The power of fear never ceases to amaze me. When I initially entered the fear forest after my first panic attack at age 21 (three months before graduating from college), I prostrated myself at fear’s feet. I handed over my thought processes and became a complete victim to whatever fear told me was true. For several years, most of this occurred unconsciously as I hadn’t found my way to the right support. Until I learned how to challenge fear’s arguments, I was a helpless pawn under its rule, a victim in a dark forest. It was, in short, misery.
Eventually, gratefully, I found my way to the couch of a brilliant and compassionate psychotherapist. He was the first to say things like, “You’re a victim to your feelings. They rule your life” Huh? Of course I listened to my feelings. They had been my guideposts my entire life, the clues by which I made my decisions. It took me months to assimilate the concept that feelings are just feelings and not necessarily the truth. This isn’t to say that we shouldn’t listen to our feelings and attend to them daily (if not hourly). But I had not comprehended the difference between feelings that were created by my thoughts which then created massive amounts of anxiety and feelings that were a response to the natural rhythm of life.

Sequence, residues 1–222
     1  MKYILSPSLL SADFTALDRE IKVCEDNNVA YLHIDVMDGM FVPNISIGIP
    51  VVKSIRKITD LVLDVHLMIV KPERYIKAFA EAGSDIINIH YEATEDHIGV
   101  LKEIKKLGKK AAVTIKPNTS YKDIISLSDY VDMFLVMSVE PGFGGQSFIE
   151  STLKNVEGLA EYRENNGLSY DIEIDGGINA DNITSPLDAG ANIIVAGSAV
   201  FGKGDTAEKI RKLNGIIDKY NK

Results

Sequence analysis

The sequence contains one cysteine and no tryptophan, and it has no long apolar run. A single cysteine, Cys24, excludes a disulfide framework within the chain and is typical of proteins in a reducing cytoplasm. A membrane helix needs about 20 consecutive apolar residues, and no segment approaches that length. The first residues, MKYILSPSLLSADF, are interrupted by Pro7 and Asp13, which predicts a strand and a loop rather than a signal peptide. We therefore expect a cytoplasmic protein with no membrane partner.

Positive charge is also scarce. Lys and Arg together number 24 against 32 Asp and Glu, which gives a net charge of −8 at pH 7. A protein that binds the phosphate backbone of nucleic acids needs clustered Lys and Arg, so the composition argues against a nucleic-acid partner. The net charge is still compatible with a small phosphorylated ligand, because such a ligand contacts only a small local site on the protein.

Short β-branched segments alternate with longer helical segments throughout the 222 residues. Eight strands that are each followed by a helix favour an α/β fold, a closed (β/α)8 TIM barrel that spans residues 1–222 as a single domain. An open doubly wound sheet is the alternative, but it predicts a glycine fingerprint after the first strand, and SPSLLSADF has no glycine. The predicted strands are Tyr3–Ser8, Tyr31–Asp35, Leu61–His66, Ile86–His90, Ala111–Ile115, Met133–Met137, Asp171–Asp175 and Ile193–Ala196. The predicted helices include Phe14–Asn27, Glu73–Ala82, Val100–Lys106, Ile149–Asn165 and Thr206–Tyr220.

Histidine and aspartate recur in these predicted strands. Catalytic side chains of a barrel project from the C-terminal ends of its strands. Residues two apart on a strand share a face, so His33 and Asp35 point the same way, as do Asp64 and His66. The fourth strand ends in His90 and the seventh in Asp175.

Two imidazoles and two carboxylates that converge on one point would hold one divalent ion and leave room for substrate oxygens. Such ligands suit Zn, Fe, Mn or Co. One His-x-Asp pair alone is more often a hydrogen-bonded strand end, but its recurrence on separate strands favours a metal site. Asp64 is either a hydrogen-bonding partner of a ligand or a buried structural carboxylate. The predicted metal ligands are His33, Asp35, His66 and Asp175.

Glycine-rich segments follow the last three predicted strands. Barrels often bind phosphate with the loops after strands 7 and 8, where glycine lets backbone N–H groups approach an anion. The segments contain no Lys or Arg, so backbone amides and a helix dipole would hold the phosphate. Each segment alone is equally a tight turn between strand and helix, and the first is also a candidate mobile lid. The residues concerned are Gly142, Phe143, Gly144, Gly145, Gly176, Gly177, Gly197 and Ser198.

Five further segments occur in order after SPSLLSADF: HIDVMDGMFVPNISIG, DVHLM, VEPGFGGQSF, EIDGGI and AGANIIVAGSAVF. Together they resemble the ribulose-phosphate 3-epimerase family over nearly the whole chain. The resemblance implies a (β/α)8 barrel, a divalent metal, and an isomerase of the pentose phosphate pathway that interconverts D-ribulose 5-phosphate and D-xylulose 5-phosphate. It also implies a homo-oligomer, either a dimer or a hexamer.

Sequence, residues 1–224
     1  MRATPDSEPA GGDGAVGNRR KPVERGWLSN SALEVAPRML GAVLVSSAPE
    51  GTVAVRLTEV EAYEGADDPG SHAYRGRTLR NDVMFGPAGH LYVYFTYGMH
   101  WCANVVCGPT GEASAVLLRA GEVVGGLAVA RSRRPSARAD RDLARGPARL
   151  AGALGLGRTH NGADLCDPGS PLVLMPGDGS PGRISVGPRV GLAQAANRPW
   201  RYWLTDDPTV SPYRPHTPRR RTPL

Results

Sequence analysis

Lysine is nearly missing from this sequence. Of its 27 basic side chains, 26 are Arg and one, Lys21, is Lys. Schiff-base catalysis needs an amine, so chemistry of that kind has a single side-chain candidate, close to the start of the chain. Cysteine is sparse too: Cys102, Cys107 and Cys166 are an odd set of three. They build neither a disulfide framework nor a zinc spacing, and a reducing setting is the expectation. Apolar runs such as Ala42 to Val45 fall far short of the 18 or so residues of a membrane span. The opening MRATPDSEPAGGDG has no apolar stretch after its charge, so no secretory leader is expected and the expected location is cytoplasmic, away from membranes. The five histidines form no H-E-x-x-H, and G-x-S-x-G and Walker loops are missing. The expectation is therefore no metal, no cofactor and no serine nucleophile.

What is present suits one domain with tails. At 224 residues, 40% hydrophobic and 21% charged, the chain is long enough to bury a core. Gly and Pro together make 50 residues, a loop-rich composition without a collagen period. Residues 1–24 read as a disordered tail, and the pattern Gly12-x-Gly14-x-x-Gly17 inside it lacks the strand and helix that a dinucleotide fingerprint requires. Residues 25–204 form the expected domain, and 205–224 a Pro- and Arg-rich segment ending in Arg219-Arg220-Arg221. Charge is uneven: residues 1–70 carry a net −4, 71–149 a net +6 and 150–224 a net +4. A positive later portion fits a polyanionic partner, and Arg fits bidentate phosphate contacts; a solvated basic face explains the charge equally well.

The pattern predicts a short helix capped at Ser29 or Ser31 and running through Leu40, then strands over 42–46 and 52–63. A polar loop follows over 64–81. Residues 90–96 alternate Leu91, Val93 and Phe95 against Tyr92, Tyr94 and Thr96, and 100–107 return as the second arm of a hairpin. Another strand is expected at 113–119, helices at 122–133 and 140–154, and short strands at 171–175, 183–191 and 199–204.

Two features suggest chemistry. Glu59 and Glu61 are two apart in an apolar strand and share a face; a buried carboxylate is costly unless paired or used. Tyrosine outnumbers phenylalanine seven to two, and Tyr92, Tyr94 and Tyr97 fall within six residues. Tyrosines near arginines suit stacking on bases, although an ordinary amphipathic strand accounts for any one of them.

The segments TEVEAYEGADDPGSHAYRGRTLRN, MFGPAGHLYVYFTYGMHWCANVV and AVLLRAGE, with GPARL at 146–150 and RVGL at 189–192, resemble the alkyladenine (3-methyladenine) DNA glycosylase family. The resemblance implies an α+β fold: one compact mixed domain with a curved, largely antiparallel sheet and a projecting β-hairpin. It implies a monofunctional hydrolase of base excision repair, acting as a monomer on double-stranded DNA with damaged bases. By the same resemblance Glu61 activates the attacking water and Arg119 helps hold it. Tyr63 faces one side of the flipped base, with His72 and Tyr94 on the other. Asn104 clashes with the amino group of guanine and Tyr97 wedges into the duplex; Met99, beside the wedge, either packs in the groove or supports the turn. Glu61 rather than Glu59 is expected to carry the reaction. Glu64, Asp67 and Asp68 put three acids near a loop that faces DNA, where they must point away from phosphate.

The concept didn’t really take hold until I met the man who would become my husband. After the initial free-ride of relationship bliss wore off and fear grabbed me in a stronghold of epic proportions (yes, everyone who finds their way to me thinks that their relationship anxiety is manifesting as a worse-case scenario, but I promise you I’ve been there), I was dragged into the underworld and forced to examine the level to which I handed fear my power. When fear said, “You don’t really love him,” I believed it. When fear said, “He’s just going to engulf you and steal your life force,” I believed it. When the critical part of me went into overdrive and picked him to shreds, I did nothing to stop it. Just a few months after we started dating, our tender relationship was hanging on by a thread. We even broke up (for 24 hours), but something in me couldn’t let him go. Some part of me knew that he was everything I had ever wanted in a partner, and if the relationship was going to last, I was going to have to fight.